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SRP applies 3D heat to its design


A Superior Radiant Products operator spot-welds sheet metal parts to produce an enclosure for a gas-fired, infrared patio heater at the company’s Stoney Creek, Ont. plant.
Photo: SRP

Patio lizards who pursue their outdoor socializing late into the fall tend to cluster near the outdoor heaters placed between restaurant/bar patio tables to protect patrons from nippy fall temperatures.

These gas-fired, high- and low-intensity infrared space heaters are among the products made by Superior Radiant Products (SRP) Ltd. in Stoney Creek, Ont., which makes heating equipment for commercial, industrial, agricultural and residential markets.

Engineers are taking note of gas-fired infrared heaters thanks to the energy cost savings they deliver. An indoor riding arena, for example, lowered fuel bills by 39% while increasing the total heated area.

Pat Caruso, SRP’s vice-president of engineering, and his colleagues rely heavily on innovation to distinguish the company’s products, so it was not too surprising SRP won the first place award for “Most Innovative HVAC Product” at Canada’s Ciphex trade show.

But awards don’t pay the bills. “When people called in with problems with our equipment, we could almost always trace the problem back to the installation,” Caruso explains. “Yet it was hard to say to the contractors who did the installation, who are our customers, ‘You didn’t follow the manual.’ So we decided to give them a better manual.”

By “better manual,” Caruso means less text and better graphics than line drawings or artist’s conceptions.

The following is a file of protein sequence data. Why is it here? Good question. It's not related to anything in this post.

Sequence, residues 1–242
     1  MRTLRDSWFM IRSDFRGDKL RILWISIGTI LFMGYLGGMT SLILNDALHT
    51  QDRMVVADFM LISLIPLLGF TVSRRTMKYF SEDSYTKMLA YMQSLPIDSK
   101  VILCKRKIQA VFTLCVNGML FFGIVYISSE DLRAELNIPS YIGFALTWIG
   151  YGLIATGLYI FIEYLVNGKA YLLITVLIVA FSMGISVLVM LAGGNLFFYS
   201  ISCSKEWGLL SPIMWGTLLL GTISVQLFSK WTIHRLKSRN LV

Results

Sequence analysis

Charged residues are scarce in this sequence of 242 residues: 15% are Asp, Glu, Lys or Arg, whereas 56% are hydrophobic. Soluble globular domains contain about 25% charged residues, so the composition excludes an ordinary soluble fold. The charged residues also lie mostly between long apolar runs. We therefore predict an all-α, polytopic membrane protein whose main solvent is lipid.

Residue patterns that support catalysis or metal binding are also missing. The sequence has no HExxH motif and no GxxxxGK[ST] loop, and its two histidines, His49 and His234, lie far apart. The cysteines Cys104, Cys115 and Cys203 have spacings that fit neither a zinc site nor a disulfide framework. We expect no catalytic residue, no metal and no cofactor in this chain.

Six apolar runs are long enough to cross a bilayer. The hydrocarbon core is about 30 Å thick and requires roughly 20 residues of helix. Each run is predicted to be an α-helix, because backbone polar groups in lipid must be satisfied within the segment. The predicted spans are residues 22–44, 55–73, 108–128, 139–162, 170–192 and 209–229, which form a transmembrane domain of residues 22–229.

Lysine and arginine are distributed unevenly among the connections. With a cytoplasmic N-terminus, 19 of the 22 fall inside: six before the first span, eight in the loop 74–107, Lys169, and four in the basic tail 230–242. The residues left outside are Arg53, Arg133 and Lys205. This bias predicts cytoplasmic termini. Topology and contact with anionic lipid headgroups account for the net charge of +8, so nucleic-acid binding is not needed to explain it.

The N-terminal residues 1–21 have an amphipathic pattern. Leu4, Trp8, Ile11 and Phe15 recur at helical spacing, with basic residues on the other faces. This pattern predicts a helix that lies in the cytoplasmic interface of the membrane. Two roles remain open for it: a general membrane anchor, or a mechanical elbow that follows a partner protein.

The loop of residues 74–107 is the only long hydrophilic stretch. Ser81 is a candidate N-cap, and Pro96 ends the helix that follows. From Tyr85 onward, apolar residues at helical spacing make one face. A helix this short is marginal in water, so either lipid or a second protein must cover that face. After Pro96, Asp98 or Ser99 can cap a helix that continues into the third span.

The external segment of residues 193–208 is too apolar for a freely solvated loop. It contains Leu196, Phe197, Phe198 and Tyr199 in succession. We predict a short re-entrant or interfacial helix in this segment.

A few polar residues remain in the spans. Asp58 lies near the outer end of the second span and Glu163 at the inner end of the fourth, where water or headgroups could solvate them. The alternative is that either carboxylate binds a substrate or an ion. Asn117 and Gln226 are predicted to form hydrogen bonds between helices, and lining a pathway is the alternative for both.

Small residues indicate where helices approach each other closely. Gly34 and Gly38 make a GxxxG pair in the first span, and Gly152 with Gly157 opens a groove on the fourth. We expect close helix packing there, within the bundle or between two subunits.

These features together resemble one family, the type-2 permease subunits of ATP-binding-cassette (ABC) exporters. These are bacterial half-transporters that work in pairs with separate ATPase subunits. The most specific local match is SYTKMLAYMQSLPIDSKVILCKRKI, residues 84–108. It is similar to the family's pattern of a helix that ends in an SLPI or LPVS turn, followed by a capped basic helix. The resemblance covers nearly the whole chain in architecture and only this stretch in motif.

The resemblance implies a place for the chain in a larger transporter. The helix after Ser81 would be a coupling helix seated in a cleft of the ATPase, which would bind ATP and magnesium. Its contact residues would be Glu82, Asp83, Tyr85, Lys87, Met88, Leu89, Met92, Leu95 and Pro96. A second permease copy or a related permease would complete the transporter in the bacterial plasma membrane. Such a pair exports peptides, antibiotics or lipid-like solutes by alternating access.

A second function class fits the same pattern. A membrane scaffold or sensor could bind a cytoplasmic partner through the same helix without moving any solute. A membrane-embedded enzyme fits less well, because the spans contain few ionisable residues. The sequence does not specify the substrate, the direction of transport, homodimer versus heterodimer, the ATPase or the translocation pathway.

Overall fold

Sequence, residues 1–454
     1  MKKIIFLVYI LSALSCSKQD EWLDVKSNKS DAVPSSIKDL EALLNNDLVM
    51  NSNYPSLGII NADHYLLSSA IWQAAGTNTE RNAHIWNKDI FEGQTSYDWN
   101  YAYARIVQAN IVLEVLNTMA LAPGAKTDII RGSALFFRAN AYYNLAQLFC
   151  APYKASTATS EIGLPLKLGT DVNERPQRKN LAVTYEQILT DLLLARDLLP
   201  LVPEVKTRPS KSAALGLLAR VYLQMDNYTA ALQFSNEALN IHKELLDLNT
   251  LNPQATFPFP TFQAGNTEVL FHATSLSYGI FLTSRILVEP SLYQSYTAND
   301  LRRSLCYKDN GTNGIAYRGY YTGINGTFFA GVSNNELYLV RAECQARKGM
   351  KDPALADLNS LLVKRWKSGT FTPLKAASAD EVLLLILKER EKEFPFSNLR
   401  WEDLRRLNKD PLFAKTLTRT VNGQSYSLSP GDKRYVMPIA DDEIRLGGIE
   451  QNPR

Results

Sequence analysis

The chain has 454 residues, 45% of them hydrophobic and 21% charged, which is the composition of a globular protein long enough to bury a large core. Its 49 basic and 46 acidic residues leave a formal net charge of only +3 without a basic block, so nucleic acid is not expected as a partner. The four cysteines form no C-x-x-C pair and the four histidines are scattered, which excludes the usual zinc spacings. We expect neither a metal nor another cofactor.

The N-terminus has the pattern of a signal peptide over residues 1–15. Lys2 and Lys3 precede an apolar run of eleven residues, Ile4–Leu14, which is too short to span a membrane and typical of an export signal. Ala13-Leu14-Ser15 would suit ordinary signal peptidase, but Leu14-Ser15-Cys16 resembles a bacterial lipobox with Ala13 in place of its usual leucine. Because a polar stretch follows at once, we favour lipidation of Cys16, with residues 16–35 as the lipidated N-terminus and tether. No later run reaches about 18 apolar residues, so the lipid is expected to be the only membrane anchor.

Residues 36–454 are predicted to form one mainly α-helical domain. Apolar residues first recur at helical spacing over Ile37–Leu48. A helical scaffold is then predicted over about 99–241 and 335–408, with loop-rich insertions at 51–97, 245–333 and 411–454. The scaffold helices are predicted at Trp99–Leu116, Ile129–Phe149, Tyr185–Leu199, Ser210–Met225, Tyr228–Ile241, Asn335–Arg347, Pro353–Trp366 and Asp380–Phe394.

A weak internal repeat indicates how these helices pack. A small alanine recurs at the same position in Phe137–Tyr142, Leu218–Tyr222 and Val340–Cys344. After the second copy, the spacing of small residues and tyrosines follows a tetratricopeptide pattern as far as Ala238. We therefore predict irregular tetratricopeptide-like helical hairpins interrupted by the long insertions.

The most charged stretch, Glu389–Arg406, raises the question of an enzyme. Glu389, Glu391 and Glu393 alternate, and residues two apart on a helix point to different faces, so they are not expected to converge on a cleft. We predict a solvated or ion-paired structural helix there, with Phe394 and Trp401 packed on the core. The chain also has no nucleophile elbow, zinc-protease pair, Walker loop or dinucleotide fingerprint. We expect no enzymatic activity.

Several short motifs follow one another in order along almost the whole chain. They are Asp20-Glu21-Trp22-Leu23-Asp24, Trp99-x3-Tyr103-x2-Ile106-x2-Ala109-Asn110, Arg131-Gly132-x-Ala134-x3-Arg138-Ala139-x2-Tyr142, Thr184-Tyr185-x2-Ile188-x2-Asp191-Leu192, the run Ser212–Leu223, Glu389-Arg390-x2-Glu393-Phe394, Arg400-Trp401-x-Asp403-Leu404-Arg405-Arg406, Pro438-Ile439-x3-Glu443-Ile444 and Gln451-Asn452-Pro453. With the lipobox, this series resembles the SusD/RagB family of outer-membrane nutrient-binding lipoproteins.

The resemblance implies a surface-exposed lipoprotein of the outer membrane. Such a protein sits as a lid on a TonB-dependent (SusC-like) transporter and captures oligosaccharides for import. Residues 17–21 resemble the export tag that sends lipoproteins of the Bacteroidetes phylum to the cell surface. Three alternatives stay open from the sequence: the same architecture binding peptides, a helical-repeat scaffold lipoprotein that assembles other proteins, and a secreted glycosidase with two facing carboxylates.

Competition among radiant heating manufacturers is fierce, to say nothing of the heating market in general. “The forced-air industry has a large marketing machine. Our challenge is to educate the people who make decisions, the people who pay the fuel bills,” he adds, noting North American market penetration for radiant heaters is about 15 per cent.

“The capital expenditure needs to be justified.”

When a trial CAD software package crossed Caruso’s desk, he installed it and rendered several drawings. Quickly realizing that SRP could better serve its key audiences using 3D diagrams, he embarked on a systematic quest to find 3D CAD software.

A 2D/3D package called Solid Edge was selected after speaking to representatives of CAD developers, visiting a trade show and trying demo versions. Without formal training and working from built-in tutorials, he created an assembly model of SRP’s EvenGLO patio heater, a new product that had been developed in AutoCAD, and used the assembly for pictures in the manual.

SRP’s gas-fired, infrared heater assembly depicted in a 3D rendering.

Graphics, though, work on several levels in a manufacturing business, so Caruso “spread the wealth.” Pleasantly surprised at how photorealistic his images were, he massaged them some more and passed them to sales and marketing staff, some of whom thought they were photos.
His audience falls into at least two categories, according to Dan Staples, director of Solid Edge Product Development for Siemens PLM Software. “Both end users and people within the manufacturing company need to communicate information clearly.”

Curiously, the introduction of this 3D rendering package proved more of a learning experience than SRP expected. “Solid Edge is not doing something right,” was SRP’s design team’s first reaction.

The reason: folding sheet metal requires calculations for bend allowance. Sheet metal stretches as it’s bent, so unfolded, its dimensions are smaller than the final form.

“We stamp our sheet metal in a flat form to make our boxes,” Caruso says. “Solid Edge allows us to unfold a design and generate a flat.”
In the past, designers had to manually calculate bend allowance, and that’s subject to error. “In this redesign, we found that we were punching something incorrectly for the past 13 years. Initially, we questioned Solid Edge’s flat pattern generation. But then we realized, looking further, that there was an error made.”